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Our History

St Mark’s Community Education Program (SMCEP) owes its existence to Father Dan Finn. He fervently believed everyone, regardless of where they came from, should be empowered to participate fully in American society. As pastor of St Mark’s Church, he put this belief into action.


St. Mark Community Education Program began in 1993 in response to a growing number of immigrants moving into the St Mark’s parish. A group of parishioners started informal English conversation groups. Several years later, in an effort to increase voter participation in the parish that for many years had the highest vote turnout of any precinct in Boston,  St. Mark's undertook an aggressive voter registration drive. The drive successfully registered over 275 residents, but found a number of  residents who were not yet citizens. 

As a result, in 2001, the parish, in partnership with the Irish Immigration Center (now Rian Immigrant Center), launched a citizenship campaign. A number of workshops were held on the naturalization process.  Volunteers were trained to assist people in the application process and prepare applicants for interviews through a mix of civics classes, English classes and one to one tutoring.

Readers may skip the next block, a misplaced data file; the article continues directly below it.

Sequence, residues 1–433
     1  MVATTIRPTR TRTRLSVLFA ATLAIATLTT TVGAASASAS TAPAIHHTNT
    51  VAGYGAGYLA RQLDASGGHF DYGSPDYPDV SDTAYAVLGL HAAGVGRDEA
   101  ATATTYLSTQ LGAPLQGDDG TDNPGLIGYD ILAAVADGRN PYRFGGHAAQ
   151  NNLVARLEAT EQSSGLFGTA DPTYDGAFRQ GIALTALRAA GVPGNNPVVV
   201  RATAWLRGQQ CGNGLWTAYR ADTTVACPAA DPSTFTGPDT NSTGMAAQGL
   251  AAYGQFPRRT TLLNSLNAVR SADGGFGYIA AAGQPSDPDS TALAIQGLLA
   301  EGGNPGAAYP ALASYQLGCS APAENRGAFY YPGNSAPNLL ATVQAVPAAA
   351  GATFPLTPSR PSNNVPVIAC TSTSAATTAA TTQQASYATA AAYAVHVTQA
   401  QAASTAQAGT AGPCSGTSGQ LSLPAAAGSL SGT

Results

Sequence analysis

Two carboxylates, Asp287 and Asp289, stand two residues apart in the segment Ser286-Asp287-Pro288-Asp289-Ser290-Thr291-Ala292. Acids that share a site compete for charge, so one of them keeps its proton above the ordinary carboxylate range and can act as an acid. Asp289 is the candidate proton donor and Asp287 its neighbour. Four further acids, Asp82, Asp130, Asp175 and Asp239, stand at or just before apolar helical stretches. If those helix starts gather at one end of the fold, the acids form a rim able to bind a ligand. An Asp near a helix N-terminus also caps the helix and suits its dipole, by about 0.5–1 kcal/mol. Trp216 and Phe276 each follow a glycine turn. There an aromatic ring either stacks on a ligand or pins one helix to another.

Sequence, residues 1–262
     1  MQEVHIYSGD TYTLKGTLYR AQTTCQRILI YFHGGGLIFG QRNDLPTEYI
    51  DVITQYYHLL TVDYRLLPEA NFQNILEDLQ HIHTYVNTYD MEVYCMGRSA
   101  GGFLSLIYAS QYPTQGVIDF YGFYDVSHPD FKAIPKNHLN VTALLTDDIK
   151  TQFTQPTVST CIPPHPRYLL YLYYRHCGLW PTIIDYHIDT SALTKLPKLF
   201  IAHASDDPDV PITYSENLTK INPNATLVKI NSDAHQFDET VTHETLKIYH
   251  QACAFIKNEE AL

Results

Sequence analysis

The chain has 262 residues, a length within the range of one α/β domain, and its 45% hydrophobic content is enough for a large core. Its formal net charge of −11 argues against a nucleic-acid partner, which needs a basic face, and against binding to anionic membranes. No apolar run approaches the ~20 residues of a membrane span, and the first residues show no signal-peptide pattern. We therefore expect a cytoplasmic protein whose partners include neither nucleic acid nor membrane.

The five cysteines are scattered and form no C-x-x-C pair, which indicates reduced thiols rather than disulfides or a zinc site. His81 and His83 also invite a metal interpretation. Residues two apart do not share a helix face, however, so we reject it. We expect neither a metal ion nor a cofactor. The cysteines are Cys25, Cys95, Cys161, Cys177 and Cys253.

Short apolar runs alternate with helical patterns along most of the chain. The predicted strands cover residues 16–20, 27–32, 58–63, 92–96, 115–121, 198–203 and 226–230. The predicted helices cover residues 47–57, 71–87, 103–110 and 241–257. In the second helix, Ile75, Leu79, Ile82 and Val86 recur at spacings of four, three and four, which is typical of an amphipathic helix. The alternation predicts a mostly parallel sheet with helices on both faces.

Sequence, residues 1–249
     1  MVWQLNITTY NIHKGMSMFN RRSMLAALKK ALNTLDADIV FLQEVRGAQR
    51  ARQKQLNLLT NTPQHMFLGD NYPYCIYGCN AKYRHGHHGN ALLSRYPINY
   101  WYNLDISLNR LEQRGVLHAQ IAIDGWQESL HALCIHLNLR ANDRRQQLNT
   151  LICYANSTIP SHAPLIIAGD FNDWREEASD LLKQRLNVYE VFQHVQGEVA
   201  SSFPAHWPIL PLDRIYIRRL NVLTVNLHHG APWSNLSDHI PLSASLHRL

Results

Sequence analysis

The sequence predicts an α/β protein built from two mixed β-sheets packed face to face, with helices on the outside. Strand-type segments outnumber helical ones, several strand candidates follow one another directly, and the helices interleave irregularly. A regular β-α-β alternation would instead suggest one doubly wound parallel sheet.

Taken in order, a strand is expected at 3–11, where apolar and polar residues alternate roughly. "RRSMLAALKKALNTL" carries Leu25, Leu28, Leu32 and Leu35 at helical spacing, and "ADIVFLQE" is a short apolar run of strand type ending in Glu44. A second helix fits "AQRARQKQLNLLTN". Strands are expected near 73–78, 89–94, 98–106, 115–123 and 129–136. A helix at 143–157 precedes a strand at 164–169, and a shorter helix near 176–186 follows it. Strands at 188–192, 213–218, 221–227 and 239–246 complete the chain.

In 2003, the program received $10,000 from English for New Bostonians which enabled the parish to begin the process of developing a formal English program with paid staff. In 2005, SMCEP was born when the parish spun out the program to become its own 501c3.

All this effort culminated in the St Mark’s area ESOL program, that except for a coordinator, was run entirely by a group of 17 volunteers. The program offered two ESOL classes, English for Citizenship class and one to one tutoring, as well as continued citizenship workshops.


Our current program still reflects the values of its original founders. We remain committed to empowering immigrants to be successful members of American society. With our move to online, we have extended our reach beyond the St Mark’s neighborhood in Dorchester to a potentially global audience.  

While the majority of our students are from Vietnam, we have helped others  from Haiti, Cape Verde, Dominican Republic, China, Hong Kong, El Salvador, Colombia, Puerto Rico, Bangladesh, the Ivory Coast, Iran and Russia. Over the last 20 years, we have continued to offer our two signature programs, ESOL and citizenship in some form or another.  


Having volunteers has enabled us to maintain and grow the program. In many ways our current program reflects the 2000-2003 period, particularly our current citizenship program and the new addition Pathways to Citizenship.

We envision thriving and inclusive communities, where immigrant residents acquire the skills and citizenship status necessary to fully participate in society. And, as immigrants enrich our community, non-immigrants also benefit.

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